On the way to the room a little old lady asks me if I had heard about the softball size hail in Amarillo.  I said no thank you very much I am on a motorcycle and that wouldn't be fun at this hour.  Well she says she talked with a man who had come from that direction and he was lucky to be alive.  The hail went through his windshield and the glass almost decapitated him, I thought my drive was fun.

With a full belly I got under the covers and heard the wind howl and hiss through the door seam, how romantic, what a nice day for a ride, as I fell asleep.

Tuesday morning, 287 south, not to far out of Amarillo I pass a van and look, what a neat design, look at all those cracks in his windshield, HELL left some hail in it's wake.  What a day and what a night, can't say I have ever had such a day out on the road.  Tuesday, am I alive...pinch me...this is the end of June and I am wearing a thermal shirt as I fight the northern cross winds again.  It's 59 degrees for the longest, never seen it like this in June.  Water puddles everywhere, gray winter skies and just to the west where I left not 48 hours ago and 1000 miles, Lake Powell sets dry and dead.  Strange days....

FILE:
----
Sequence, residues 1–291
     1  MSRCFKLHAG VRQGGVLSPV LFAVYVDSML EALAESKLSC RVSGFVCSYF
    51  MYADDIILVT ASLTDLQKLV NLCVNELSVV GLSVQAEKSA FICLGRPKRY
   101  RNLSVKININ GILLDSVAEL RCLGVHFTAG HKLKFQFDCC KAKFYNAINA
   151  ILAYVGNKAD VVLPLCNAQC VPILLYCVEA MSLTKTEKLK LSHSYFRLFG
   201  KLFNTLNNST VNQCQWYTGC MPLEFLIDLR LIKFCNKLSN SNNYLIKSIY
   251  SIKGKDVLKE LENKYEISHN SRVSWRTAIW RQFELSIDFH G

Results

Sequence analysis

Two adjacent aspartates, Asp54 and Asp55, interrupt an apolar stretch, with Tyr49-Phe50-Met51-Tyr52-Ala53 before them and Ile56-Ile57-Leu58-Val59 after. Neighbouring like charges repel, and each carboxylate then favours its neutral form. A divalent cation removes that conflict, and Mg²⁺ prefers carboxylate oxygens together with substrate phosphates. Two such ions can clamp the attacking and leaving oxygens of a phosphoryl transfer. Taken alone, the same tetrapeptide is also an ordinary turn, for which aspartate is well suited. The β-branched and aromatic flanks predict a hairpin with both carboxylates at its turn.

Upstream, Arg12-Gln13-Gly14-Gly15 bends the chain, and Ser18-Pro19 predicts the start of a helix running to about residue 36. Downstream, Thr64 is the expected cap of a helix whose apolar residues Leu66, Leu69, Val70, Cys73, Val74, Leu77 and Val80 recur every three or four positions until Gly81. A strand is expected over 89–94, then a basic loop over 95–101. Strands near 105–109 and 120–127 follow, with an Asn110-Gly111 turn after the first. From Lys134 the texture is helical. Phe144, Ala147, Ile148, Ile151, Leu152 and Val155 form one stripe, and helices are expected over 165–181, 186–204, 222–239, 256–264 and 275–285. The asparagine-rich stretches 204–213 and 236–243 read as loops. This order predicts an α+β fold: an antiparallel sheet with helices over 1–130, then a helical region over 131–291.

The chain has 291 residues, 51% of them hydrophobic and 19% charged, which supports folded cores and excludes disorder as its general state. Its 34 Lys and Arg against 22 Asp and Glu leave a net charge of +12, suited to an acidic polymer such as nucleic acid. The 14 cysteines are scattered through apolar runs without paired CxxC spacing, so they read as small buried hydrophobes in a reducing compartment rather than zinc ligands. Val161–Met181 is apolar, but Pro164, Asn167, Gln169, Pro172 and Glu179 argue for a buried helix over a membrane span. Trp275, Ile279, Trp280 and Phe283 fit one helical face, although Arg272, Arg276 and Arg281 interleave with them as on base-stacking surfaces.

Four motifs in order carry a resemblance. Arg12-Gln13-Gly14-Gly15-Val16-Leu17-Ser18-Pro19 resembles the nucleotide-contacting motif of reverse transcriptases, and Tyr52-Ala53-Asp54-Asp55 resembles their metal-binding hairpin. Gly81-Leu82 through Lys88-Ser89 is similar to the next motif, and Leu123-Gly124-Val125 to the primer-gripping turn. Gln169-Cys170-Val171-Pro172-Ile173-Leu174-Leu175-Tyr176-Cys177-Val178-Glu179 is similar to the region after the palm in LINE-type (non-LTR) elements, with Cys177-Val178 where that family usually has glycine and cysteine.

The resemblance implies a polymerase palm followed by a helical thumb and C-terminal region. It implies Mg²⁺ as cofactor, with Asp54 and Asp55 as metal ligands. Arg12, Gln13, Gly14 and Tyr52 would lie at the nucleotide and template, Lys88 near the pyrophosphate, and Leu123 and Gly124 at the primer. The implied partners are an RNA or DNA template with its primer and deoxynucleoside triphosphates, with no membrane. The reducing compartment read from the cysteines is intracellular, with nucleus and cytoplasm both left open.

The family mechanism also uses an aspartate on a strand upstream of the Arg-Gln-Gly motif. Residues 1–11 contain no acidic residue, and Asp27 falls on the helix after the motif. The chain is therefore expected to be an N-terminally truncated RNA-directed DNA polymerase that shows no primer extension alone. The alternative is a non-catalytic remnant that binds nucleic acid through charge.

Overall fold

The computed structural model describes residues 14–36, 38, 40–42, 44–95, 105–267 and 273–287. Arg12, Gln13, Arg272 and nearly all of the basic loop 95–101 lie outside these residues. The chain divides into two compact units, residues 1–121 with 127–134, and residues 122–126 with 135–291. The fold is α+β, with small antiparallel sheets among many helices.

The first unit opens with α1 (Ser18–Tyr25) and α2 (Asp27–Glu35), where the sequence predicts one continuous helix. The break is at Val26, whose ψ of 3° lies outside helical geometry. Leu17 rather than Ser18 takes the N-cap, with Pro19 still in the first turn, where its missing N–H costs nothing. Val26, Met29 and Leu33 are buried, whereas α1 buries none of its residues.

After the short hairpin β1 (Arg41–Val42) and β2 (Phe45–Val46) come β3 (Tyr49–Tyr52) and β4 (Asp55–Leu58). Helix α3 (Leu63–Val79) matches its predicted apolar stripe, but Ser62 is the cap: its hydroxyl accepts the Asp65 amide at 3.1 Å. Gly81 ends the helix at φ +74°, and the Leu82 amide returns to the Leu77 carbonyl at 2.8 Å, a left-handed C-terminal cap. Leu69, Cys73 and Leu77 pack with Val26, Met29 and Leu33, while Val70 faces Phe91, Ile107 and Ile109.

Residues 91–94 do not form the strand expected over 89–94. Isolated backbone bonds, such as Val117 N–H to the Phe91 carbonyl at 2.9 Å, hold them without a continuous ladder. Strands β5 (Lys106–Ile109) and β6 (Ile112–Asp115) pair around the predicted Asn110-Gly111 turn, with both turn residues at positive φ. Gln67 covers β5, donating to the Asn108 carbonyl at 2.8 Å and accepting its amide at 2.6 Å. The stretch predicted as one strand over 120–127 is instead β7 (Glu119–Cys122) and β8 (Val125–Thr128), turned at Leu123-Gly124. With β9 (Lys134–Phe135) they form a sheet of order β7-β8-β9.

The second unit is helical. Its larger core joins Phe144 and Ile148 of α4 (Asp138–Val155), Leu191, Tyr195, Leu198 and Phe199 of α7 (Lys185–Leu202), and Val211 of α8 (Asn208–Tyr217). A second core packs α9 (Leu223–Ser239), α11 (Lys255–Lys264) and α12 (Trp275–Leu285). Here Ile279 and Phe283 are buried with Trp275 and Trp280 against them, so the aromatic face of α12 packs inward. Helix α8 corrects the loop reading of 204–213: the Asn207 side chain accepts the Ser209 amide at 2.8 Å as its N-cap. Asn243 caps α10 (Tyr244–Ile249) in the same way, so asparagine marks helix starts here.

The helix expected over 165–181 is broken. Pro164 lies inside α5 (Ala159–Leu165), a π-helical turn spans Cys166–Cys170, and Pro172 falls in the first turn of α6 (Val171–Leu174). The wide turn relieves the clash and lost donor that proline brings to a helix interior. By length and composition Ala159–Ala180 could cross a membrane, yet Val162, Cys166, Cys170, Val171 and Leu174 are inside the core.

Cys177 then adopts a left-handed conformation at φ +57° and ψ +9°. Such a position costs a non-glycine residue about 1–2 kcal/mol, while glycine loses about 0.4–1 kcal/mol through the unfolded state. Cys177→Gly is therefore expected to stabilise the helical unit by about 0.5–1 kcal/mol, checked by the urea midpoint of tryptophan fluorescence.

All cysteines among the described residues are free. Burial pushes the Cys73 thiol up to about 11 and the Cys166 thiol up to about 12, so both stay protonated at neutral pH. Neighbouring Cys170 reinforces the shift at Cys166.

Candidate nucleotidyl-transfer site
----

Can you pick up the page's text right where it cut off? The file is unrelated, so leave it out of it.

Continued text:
You never experience a trip in it's intensity unless you are on two wheels exposed to the climate and the forces of nature.  That is the Zen of it, the good and the bad, the yin and the yang, the tight rope of life on two wheels, your life depends on how well you can dance, thank God I didn't step on my own two feet or mother natures.


Copyright 2011 Brian A. Hopkins, 2011-07-31 20:02,